If you look at polling data, there are a few issues on which Republican voters seem to have changed their beliefs since Donald Trump began his campaign for the presidency. 카지노사이트
In 2015, just 12 percent of Republicans held a favorable view of Russian President Vladimir Putin, according to Gallup. Now 32 percent of Republicans like him, the firm found in a February poll.
Or take the issue of free trade: Historically, conservatives have been in favor of it. But from 2015 to 2017, Republican support of free trade dropped from 56 percent in 2015 to just 36 percent in 2017, according to Pew.
It’s easy to look at these changing poll numbers and see something blatantly hypocritical — that these Americans are knowingly giving in to Trump rhetoric praising Putin and belittling free trade, betraying their former ideals.
But new research from psychology suggests something else is probably going on: Many political beliefs are fickle, and people probably don’t realize it when they change their minds.
Michael Wolfe, a memory and learning researcher at Grand Valley State University in Michigan, recently published an experiment in the Quarterly Journal of Experimental Psychology that found when people change their mind on a subject, they have a hard time recalling that they ever felt another way.
It’s an intriguing finding in part because it affirms that people think their beliefs are more stable than they actually are. Which means they may be less open to information that conflicts with their belief.
It’s also further evidence that despite what we may think, we don’t hold consistent ideological views. We tend to agree with whatever our leaders agree with, which is particularly worrying with Donald Trump as president, as I described in a recent story about how conservatives are realigning their views with his.
Why we don’t remember when we change our minds
Wolfe ran the study on a sample of a few hundred college students, using as a topic the effectiveness of spanking as a disciplinary measure. This subject was chosen for a few reasons: It’s one that many people have an opinion on, but it’s not so partisan or political that people would be totally unwilling to change their beliefs. It’s also a topic on 바카라사이트 which it’s relativity easy to find evidence both for and against.
First, Wolfe and his co-author asked the participants if they believed spanking is effective on a scale of 1 to 9. A few months later, they brought the participants into the lab to read arguments for or against spanking. After the prompt, the students were asked to again rate their feelings about spanking. But here’s the key: They were also asked to recall what they first thought about spanking, several months back.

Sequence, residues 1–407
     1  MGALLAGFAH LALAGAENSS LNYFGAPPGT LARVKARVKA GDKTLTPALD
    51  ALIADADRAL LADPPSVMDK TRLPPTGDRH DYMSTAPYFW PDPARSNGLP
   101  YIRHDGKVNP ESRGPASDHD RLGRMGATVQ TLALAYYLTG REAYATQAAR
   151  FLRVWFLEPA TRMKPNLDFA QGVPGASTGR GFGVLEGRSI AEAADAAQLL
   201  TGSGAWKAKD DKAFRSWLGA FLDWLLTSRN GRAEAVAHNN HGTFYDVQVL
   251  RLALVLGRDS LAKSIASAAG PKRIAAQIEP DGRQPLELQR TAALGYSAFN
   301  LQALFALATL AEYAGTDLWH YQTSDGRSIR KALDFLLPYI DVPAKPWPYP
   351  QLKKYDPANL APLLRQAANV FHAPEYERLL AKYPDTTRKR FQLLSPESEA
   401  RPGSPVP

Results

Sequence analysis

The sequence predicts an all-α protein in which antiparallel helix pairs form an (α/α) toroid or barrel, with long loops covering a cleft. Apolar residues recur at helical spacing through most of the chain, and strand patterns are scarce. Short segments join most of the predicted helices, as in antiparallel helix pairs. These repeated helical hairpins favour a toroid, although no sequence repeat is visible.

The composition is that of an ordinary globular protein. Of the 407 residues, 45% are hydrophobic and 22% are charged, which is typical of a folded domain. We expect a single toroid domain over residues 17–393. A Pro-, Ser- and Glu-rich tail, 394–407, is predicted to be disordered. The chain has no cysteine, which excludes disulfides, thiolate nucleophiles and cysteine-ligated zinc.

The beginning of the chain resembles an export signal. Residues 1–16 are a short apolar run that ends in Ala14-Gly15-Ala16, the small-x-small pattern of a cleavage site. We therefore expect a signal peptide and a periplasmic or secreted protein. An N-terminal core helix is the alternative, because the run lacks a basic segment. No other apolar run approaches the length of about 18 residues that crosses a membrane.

On average, the students changed their minds when they read an argument that was counter to their initial belief. But most didn’t remember. It was just easier to remember the text they’d just read than to think back on their past opinions.
“We don’t go in and grab a memory like opening up a word file or reading it off a tape,” Wolfe explains. “But rather, if you ask a person at a particular time to report their belief, they construct their belief at that moment based on a combination of things that are easily available to them at that time.”
Memories aren’t retrieved; they’re constructed with cognitive shortcuts. And when memories are constructed, we can’t easily see the seams. We don’t notice that they’ve changed.
“When people try to remember a previous belief, information that’s available at a moment biases their ability to remember this old information,” Wolfe says. “They end up thinking their current belief is very similar to their previous belief.” 온라인카지
Here’s the key chart from the study. On the right, it shows that when a participant reads a text that counters what they initially believed, they’re around 2 points more likely on a 9-point scale to endorse it. Then look at the “recollection” scores. That’s their guess for what their original answer was. It’s much more similar to their post-reading answer than it is to the initial response.